Politics • "Vulnerability" against Corroon means he may face challengers from his own party in 2012.
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There's blood in the water.
Gov. Gary Herbert's campaign has so bungled its reaction to criticism from Democrat Peter Corroon that a handful of Republican lawmakers say Herbert has assured he will face a GOP challenge in 2012, assuming he beats Corroon in November.
A half-dozen GOP lawmakers, all speaking on condition of anonymity so as not to alienate their party's sitting governor, expressed disbelief and frustration at how Herbert has dealt with the Corroon challenge.
"I think he'll have a very legitimate challenger, if not challengers. I think that is becoming more and more the conventional wisdom," said one Republican lawmaker. "It doesn't ultimately feel like an open and transparent campaign, and there's an adage that says if you're explaining, you're losing. He's been doing an awful lot of explaining."
Said another GOP legislator: "In politics, people look for vulnerability, and he's shown significant vulnerability this cycle.
"I really think Gary has bought himself a challenge," he said.
Herbert campaign spokesman Don Olsen said he would "respectfully disagree" that the campaign has been mishandled.
"I think quite the contrary. I think he has shown himself to be decisive and I think he has shown he can take a shot, and the surveys that have been done are bearing that out," Olsen said. "I do not think he has shown weakness in this campaign at all."
Herbert has spent the past several weeks explaining his actions as governor, defending himself from insinuations by the Corroon campaign that big donors to Herbert's campaign got special access, won contracts and were given other state perks.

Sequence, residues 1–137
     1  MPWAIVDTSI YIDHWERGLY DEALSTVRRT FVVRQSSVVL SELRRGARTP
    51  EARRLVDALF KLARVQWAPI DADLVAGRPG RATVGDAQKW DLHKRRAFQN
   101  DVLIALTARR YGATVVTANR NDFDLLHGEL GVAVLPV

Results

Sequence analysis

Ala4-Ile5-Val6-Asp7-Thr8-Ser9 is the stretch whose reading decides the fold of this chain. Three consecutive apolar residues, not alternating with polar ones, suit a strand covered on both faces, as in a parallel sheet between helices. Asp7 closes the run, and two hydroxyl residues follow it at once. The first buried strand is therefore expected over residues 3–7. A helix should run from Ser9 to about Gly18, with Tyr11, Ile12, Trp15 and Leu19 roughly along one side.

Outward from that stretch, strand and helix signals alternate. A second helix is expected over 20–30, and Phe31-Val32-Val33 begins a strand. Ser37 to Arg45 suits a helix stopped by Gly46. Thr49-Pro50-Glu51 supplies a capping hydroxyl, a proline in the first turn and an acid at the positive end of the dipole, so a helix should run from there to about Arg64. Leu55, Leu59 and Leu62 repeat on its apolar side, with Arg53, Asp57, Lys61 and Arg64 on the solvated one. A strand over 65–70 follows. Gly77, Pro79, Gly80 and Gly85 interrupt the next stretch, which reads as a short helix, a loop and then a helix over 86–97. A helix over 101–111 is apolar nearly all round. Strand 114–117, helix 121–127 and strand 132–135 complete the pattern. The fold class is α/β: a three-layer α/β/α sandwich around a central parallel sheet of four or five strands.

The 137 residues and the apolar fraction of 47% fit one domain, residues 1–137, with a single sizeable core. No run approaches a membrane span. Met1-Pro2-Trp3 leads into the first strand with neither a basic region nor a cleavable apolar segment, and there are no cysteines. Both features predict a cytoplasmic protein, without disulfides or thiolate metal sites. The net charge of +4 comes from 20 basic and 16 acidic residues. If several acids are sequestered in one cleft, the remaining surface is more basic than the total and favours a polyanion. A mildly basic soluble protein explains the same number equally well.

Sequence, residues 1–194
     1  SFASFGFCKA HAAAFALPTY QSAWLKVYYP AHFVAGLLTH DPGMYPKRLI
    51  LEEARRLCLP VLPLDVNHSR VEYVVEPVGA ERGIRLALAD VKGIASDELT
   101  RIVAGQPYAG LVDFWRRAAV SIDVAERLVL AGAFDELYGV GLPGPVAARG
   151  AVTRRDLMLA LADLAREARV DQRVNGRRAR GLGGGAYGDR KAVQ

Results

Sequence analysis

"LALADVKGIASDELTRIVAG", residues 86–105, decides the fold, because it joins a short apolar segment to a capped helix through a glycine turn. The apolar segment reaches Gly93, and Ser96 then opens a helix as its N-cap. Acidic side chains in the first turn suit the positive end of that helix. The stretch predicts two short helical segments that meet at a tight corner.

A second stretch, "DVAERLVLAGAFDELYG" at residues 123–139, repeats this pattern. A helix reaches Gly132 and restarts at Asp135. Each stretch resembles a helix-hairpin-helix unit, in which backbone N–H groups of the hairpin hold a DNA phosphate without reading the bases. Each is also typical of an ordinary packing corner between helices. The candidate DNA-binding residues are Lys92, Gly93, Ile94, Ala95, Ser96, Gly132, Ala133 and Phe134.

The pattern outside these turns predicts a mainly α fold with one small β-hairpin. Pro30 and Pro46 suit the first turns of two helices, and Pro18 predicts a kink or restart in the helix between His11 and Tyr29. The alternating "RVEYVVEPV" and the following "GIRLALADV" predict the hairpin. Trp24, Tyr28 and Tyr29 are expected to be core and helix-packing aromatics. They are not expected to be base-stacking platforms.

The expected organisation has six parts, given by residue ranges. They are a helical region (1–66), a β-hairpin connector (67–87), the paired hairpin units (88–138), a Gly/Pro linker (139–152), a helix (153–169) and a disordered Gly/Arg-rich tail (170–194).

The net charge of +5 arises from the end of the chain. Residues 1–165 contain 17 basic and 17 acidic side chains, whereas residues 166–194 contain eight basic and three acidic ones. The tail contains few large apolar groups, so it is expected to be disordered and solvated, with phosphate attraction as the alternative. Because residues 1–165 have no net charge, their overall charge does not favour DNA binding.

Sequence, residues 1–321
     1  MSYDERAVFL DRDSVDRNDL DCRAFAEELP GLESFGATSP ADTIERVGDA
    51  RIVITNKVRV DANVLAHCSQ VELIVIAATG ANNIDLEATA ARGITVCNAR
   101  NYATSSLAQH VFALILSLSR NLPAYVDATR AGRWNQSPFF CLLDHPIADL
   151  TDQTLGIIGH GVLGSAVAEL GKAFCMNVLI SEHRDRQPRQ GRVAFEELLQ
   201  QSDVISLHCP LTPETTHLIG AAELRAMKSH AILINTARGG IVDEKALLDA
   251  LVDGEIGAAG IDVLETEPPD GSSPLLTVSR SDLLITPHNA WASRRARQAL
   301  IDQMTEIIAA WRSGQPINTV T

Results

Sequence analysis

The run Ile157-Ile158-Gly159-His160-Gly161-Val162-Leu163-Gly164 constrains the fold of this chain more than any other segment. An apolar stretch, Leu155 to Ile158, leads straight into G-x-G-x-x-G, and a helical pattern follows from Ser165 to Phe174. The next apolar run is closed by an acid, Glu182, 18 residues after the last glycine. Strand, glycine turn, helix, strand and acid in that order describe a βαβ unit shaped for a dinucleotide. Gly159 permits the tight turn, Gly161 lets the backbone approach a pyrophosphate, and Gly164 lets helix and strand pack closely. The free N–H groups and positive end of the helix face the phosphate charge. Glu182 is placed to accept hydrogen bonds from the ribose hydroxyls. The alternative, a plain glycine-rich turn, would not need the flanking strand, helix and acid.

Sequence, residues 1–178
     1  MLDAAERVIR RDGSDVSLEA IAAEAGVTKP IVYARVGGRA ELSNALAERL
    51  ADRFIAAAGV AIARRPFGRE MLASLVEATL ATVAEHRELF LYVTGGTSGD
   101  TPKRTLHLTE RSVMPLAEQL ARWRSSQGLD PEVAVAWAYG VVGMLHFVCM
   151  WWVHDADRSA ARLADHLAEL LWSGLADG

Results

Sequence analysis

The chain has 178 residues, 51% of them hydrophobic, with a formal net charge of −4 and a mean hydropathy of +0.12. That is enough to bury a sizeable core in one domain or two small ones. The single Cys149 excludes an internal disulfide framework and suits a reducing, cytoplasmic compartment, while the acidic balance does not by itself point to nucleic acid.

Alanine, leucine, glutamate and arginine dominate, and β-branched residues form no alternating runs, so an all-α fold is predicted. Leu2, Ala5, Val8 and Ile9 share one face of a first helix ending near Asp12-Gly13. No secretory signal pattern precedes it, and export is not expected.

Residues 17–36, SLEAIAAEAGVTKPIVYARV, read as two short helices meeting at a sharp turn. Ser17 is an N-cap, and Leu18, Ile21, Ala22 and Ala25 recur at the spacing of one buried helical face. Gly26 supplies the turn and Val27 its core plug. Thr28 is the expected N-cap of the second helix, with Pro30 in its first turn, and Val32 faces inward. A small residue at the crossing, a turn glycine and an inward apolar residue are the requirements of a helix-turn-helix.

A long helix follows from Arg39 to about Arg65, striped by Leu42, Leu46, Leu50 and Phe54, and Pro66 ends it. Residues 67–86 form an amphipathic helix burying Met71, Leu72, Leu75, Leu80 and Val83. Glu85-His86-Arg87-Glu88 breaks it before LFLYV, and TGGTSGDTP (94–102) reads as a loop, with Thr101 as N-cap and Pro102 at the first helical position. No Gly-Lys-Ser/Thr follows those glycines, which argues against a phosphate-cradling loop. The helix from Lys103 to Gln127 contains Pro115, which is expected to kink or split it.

That includes a meltdown at a news conference that Herbert called, where it was revealed that the state paid $13 million to a losing bidder for the $1.1 billion Interstate 15 reconstruction project to settle claims that the results were skewed in favor of a Herbert donor.
"I think he's got a blind spot on this issue," said one GOP member. "It has stuck to him a little bit because it looks bad. It's the amounts [of money]. The amounts just look bad."
When Herbert inherited the Governor's Office last year after then Gov. Jon Huntsman Jr. was nominated to become ambassador to China, some prominent Republicans took measure of Gary Herbert, with a handful contemplating a run against the suddenly elevated lieutenant governor.
But Herbert solidified his standing and, one by one, each potential challenger bowed out of the race.
With Herbert having to stand for re-election in 2012 if he wins in November, some may now be reconsidering their options, the lawmakers who talked to The Tribune said. The potential challengers most often named are House Speaker David Clark and U.S. Rep. Jason Chaffetz.
"Of those three, Jason wins," said one legislator.
Chaffetz, who has also had his name floated as a potential challenger to U.S. Sen. Orrin Hatch, said Wednesday that it is flattering to be mentioned.
"It's way premature to think about. It's a decision that's 14 to 15 months away," Chaffetz said.
Kelly Patterson, director of the Center for the Study of Elections and Democracy at Brigham Young University, said the lawmakers might be underestimating Herbert, and how he governs for the next two years will matter more than how he campaigned during the past two weeks.
It's Herbert's first statewide race at the top of the ticket, and candidates grow, Patterson said.
"Individuals acquire the skills about how to campaign, how to handle attacks. … All of those dimensions are really important about how to conduct a solid campaign, and no one really gets it 100 percent right the first time through," Patterson said.
As one of the lawmakers described it: "It's a crucible you pass through. It's a tempering because Gary hasn't had tough campaigns in the past, and he will be a much more formidable candidate in the future."
Running for a two-year term
Gov. Gary Herbert and Salt Lake County Mayor Peter Corroon are running to complete the second term won by former Gov. Jon Huntsman Jr. Under state law, the winner of this year's special election will then have to turn around and stand for re-election in 2012.